Suspended chords are chords that contain suspensions. Suspensions abound in all forms of chord-based music, from classical music and jazz to rock, pop, folk, R&B, and metal. The suspended chord has ample color and has enlivened the compositions of Bach, Beethoven, Tchaikovsky, and Stravinsky, as well as the Beatles, the Rolling Stones, the Who, the Police, U2, and Rush. In fact, Pete Townshend once commented that the suspensions of the Baroque Era (Purcell, Bach, Handel, et al) inspired many of his chord figures and riffs on the Who’s first album.

In classical music, a suspension is a theoretical expression that is applied to the retention of any note(s) from a preceding chord. The most common suspensions are the suspended 4th and the suspended 2nd (sus4 and sus2, respectively). Since it is not part of the prevailing chord, the suspension is a non-harmonic tone and is considered a dissonance.

The suspension is of two types: prepared and unprepared. This distinction describes the way the suspension is approached and resolved. The prepared suspension begins as a tone of one chord, which is held over into a second chord and then resolved. If the suspension does not appear in the preceding chord, it is unprepared.

This progression contains two prepared suspensions. The suspended chord is expressed as a sus4 or a sus2 chord; it is named by its root and followed by the suspension’s interval. Here the B7sus4 retains the suspended tone, E, from Cmaj7, and Asus2 holds B over from E7. The E resolves to D in Bm7, and the B resolves to A in A5. The first example is based on a 4–3 suspension; the second, a 2–1 suspension.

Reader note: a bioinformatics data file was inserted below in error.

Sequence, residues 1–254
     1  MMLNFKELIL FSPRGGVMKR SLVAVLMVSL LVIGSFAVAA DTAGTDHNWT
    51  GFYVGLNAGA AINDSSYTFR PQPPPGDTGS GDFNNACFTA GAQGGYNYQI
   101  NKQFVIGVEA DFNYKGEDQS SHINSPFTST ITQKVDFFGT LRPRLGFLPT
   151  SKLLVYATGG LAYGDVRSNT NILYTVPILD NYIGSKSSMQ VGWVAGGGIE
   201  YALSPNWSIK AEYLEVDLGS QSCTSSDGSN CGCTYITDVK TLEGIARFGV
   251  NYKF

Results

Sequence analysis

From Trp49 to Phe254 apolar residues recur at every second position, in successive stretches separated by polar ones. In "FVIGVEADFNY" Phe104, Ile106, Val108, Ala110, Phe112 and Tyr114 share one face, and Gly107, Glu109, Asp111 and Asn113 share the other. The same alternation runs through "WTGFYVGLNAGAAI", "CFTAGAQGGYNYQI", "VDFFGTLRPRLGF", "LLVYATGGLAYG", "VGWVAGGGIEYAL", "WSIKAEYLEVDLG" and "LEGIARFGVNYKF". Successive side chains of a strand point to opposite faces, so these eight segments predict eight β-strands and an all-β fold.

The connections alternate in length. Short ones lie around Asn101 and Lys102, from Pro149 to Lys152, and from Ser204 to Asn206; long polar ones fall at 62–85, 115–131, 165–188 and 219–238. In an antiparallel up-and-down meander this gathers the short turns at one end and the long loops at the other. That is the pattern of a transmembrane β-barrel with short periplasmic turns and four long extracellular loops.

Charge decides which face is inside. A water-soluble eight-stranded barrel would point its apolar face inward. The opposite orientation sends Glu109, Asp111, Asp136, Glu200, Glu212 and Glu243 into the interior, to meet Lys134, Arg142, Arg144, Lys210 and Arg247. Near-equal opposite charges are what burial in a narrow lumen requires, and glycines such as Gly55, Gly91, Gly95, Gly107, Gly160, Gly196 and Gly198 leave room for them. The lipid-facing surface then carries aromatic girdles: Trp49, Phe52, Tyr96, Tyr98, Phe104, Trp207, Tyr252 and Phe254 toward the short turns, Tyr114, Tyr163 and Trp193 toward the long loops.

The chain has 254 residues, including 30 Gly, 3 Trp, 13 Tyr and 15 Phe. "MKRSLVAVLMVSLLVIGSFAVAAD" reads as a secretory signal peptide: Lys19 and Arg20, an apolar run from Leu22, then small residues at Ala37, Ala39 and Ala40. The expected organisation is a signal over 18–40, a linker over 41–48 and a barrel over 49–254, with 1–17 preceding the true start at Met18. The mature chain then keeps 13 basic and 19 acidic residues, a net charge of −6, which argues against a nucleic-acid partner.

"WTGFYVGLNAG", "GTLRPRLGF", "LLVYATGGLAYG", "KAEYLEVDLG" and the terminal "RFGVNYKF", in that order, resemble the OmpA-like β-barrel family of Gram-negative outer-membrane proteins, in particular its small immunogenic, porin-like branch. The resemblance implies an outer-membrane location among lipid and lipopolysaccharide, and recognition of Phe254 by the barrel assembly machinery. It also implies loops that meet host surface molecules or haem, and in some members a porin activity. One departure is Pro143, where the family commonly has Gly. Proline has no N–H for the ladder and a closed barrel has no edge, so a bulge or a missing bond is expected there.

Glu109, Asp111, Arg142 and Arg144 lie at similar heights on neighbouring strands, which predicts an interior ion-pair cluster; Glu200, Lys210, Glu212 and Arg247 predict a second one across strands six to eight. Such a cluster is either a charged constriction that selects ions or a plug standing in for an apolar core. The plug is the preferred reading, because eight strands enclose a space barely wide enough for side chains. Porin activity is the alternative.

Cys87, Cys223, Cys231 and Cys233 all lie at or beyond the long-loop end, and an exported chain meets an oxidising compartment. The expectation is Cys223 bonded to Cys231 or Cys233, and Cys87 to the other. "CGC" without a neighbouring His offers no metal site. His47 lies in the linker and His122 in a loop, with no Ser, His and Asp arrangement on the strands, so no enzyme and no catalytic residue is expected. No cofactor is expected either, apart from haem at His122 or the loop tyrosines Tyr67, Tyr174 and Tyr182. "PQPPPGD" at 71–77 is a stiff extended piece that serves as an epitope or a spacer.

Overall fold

In contemporary music—rock, pop, jazz, R&B, country—the unprepared suspension, also called suspended chord, is frequently exploited in idiomatic chord progressions. Some of the most common suspended chords are depicted in the following collection. You’ll recognize that many of these voicings are ingredients of your favorite songs, chord-melody patterns, or rhythm figures. Note the brackets, which connect the suspension with its resolution.

This lively rock figure exploits the most typical suspended chord, resolving to its consonant counterpart. Here the riff pattern is a suspended chord to a major chord (Bsus4–B). The figure receives a propulsive sixteenth-note strum rhythm characteristic of the Townshend style.

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Stuff! Good Guitar Players Should Know